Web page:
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Wheelchair Measurements


Get the numbers right for the greatest comfort, efficiency, and durability in your new wheels.

When you order your wheelchair, you’ll be asked to provide a variety of measurements and specifications. These measurements will help the manufacturer determine the right frame dimensions, and they will automatically take into account choices you will make for wheel sizes and caster types.

The measurements are, of course, based on the size of the person who will use the chair. Some dimensions – such as seat width – are very precise, while others – such as seat height – are more flexible. These are the most critical dimensions of the wheelchair, and we will review them in detail in a moment.

If you already are using a chair, you have some idea of what measurements are right for you. They might even be exactly the same as your existing wheelchair, but this is also an opportunity for you to make refinements. Perhaps you want to sit a bit higher or lower, perhaps there is pressure against your hips and your seat should be another inch wider. These are some of the issues you’ll take into account as you determine the final specifications of your new wheelchair.

The model of wheelchair you choose might allow some adjustability once you receive it. Many ultralightweight wheelchairs, for instance, allow changes in the height of the main wheel and caster axles. Many models have a separate adjustment for the angle – or "dump"- of the seat. Wheelchair seats are not necessarily level. They typically slant towards the back – either a little or maybe a lot – to provide greater stability. So you will be asked to determine two seat height numbers, one for the front and one for the rear. These are measured from the floor.

Begin with the front floor-to-seat height. Measure the length of your leg from the heel to the inside of the knee, and add two inches, or the desired clearance from the bottom of the footplate to the ground. Then subtract the thickness of your cushion (when you are sitting on it, compressing it). That will be your minimum front seat-to-floor height. You may want more ground clearance or need to sit higher up – the choice is yours – in which case you might add an inch or two.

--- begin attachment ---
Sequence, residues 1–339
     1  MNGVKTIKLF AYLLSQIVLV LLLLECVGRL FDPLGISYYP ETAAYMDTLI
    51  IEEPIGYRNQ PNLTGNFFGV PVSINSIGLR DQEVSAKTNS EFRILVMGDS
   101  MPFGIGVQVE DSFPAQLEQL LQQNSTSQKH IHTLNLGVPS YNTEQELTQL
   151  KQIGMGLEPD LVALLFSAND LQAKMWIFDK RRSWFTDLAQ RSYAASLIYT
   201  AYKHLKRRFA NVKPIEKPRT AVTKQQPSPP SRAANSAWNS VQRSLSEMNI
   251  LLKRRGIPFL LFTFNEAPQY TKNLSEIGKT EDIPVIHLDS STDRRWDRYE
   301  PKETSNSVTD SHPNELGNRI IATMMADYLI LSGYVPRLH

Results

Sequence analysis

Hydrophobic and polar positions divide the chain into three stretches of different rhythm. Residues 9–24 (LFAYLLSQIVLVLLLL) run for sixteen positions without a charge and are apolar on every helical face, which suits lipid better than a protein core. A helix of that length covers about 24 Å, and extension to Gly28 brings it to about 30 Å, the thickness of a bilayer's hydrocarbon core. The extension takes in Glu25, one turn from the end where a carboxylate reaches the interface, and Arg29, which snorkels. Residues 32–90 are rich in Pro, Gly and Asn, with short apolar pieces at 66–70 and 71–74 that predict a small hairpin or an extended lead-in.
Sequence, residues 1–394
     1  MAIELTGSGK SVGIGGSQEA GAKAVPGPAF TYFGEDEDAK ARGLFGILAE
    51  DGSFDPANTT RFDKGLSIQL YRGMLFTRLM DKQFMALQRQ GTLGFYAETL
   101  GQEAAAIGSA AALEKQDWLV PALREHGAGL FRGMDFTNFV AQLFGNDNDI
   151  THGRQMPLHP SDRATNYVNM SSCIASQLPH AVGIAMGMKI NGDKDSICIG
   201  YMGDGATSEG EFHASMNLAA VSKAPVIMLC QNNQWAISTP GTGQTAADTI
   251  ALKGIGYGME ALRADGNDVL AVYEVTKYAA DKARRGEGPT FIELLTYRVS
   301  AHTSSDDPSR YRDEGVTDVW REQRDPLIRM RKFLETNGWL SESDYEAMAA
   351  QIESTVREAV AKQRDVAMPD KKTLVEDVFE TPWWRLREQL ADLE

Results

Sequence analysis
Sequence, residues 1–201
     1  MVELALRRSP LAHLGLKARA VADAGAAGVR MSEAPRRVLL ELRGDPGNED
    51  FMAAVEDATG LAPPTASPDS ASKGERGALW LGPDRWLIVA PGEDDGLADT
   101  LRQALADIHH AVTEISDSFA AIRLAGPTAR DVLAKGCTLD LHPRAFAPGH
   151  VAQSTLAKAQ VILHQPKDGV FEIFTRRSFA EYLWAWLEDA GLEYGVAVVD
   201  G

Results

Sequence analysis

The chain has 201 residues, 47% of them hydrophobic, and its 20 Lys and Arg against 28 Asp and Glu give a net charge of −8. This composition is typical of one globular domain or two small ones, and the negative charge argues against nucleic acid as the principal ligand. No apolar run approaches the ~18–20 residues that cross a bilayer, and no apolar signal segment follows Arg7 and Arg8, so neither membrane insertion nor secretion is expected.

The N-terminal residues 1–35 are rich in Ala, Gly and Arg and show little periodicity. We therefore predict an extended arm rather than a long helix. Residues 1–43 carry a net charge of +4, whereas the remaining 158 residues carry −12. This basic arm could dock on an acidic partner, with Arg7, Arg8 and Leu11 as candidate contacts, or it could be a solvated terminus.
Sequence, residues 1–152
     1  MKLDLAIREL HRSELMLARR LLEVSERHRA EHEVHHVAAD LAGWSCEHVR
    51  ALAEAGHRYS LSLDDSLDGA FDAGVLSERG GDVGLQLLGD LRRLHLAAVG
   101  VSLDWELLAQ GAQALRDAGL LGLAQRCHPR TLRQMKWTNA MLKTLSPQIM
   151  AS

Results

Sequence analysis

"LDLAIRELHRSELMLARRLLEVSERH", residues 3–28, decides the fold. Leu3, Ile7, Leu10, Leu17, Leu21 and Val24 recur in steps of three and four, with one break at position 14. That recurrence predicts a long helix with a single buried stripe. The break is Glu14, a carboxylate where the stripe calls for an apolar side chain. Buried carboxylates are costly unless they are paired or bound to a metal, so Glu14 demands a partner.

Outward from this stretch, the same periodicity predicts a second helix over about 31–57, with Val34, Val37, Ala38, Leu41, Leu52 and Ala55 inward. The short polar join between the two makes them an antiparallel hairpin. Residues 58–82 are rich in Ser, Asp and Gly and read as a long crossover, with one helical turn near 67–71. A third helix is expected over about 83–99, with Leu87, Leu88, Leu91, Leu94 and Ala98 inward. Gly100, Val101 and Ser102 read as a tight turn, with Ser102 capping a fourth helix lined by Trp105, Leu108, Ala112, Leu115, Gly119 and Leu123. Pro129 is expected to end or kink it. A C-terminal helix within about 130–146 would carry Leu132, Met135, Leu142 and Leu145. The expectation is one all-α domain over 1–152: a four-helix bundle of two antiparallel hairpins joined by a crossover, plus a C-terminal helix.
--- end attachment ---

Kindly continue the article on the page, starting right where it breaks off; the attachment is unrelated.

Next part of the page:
The rear seat-to-floor dimension will be at least equal to – and usually less – than the front dimension. If you have limited upper body balance, you will want to use more seat dump. Keep in mind that a substantial angle will make it harder to transfer out of the chair. If the dump is extreme, it can also lead to curvature in your spine in the long run because your pelvis will rotates back severely. Use only as much as you need to be stable and safe.

The seat width is the dimension across your hips, plus space for clothing. Take into account the type of clothing you wear such as a sport coat and jacket if they are common to your wardrobe. If you use clothing guards, ensure that there will not be pressure against your hips, which could cause skin breakdown. Of course your goal is to keep the seat and total width of the wheelchair narrow for access reasons, but try not to end up squeezed into your chair. You need a little room to shift your weight, which is also important for preventing pressure sores.

Seat depth is a function of the length of your thighs and, well frankly, the size of your bottom! Measure from where your backside contacts the chair back to just behind your knee. Choose the deepest seat depth option that is at least one inch shorter than your measurement. Allow more space behind the knee if you need it to be able to lift your leg for making transfers, but in general try to keep as much contact with the seat along your upper thighs as possible. Using a seat depth that is too shallow robs you of stability, and increases the pressures on your ischial bones, another major pressure sore location.

Getting these four dimensions correct will lead to natural, effortless posture, and provide you with a solid foundation for an active, comfortable day of wheeling.

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